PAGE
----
An ARC Centre of Excellence for Environmental Decisions researcher is playing a leading role in the largest all-female expedition to Antarctica, the culmination of a year-long program to promote the influence and leadership of women in science.
Research Fellow Dr Justine Shaw, who is also a Research Fellow at UQ's School of Biological Sciences, co-founded Homeward Bound, and is leading science programs for the 78 female researchers from 18 countries.
Among those on board are UQ PhD students Paloma Corvalan, Samantha Reynolds (School of Biological Sciences), Samantha Nixon (Institute for Molecular Bioscience), and Cécile Godde (Queensland Alliance for Agriculture and Food Science and CSIRO).
Dr Shaw said thousands of scientists applied to be part of the program, which aims to equip women in science to lead, influence and contribute to policy and decision-making.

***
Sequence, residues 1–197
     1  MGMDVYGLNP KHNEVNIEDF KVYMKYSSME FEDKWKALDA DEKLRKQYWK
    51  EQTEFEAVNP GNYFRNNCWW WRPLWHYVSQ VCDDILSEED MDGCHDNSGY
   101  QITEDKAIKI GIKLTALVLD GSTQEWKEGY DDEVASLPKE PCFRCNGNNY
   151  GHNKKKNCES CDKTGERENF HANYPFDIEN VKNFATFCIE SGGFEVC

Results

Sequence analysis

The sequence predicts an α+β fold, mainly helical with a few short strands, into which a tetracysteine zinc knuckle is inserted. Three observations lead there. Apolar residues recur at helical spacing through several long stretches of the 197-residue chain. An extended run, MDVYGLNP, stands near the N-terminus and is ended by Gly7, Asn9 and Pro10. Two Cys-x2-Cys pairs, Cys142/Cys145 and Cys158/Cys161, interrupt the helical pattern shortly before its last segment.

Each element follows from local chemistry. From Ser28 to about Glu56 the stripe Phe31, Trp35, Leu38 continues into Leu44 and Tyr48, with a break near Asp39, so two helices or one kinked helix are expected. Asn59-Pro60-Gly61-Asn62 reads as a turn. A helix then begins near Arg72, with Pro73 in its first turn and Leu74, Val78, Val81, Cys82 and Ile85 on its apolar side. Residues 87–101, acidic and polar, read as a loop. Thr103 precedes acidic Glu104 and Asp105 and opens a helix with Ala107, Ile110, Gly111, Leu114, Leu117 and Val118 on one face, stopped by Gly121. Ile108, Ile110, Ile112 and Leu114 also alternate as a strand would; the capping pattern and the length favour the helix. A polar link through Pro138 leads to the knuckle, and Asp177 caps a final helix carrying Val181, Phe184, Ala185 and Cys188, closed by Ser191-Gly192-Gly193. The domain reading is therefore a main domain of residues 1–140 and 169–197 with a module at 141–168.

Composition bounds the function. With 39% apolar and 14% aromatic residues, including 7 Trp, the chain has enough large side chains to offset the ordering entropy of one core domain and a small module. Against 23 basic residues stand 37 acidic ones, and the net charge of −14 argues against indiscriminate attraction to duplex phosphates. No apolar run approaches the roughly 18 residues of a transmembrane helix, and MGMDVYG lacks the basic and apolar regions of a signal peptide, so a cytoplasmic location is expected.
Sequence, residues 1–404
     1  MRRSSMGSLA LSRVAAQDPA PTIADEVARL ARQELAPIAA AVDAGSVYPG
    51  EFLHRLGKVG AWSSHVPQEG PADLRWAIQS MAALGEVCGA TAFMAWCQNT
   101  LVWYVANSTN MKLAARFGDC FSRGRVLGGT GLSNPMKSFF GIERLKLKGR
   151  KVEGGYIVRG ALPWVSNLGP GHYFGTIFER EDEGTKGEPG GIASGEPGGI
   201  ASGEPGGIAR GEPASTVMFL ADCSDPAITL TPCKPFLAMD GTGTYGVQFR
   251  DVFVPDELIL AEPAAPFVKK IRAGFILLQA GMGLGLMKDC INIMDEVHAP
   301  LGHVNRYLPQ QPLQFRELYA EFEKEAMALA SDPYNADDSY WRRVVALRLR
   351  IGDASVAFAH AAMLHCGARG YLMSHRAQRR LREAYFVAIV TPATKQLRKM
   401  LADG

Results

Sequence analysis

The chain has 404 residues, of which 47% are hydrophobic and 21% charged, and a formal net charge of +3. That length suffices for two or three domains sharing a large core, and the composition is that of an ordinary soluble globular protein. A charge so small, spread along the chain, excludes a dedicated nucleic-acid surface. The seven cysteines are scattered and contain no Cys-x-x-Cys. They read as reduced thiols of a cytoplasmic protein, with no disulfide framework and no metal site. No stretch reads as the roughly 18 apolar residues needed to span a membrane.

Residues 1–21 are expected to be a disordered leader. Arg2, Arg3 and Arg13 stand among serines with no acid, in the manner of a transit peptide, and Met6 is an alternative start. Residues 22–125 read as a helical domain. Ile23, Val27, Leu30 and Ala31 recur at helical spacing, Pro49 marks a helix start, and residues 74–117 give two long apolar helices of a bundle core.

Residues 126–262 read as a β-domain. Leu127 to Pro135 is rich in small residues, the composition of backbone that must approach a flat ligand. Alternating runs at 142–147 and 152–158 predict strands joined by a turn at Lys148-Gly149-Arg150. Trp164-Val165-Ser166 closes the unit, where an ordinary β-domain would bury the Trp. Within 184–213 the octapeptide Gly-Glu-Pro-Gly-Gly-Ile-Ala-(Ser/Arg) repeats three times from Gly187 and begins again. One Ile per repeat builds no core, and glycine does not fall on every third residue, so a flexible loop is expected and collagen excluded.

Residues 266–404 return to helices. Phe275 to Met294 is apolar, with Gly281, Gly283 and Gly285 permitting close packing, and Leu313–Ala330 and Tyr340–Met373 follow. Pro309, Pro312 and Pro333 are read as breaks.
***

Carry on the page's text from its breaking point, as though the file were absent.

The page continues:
“I’ve been working with participants for a year on science research themes and preparing them for the Science Symposium at Sea,” Dr Shaw said.
“We’ll be visiting several different national Antarctica research stations and will be meeting with the scientists there.”
The ship set out from Ushuaia in southern Argentina this week on the 21-day voyage down the Beagle Channel and Drake Passage.
A conservation scientist, Dr Shaw has been travelling on research vessels and icebreakers to remote sub-Antarctic islands for 22 years.
She said the program’s 10 year vision is to create a network of 1000 women skilled in leadership, science and strategy to tackle the deficit of women in science leadership,” Dr Shaw said.
“We need to strengthen the voice of female scientists, and I’ve learned a lot about how these skills can be used to help achieve goals as a researcher.”
Read more about the 2018 participants.
Pictured above: UQ’s Homeward Bound crew (L-R): Paloma Corvalan, Cecile Godde, Dr Justine Shaw, Samantha Reynolds, Samantha Nixon.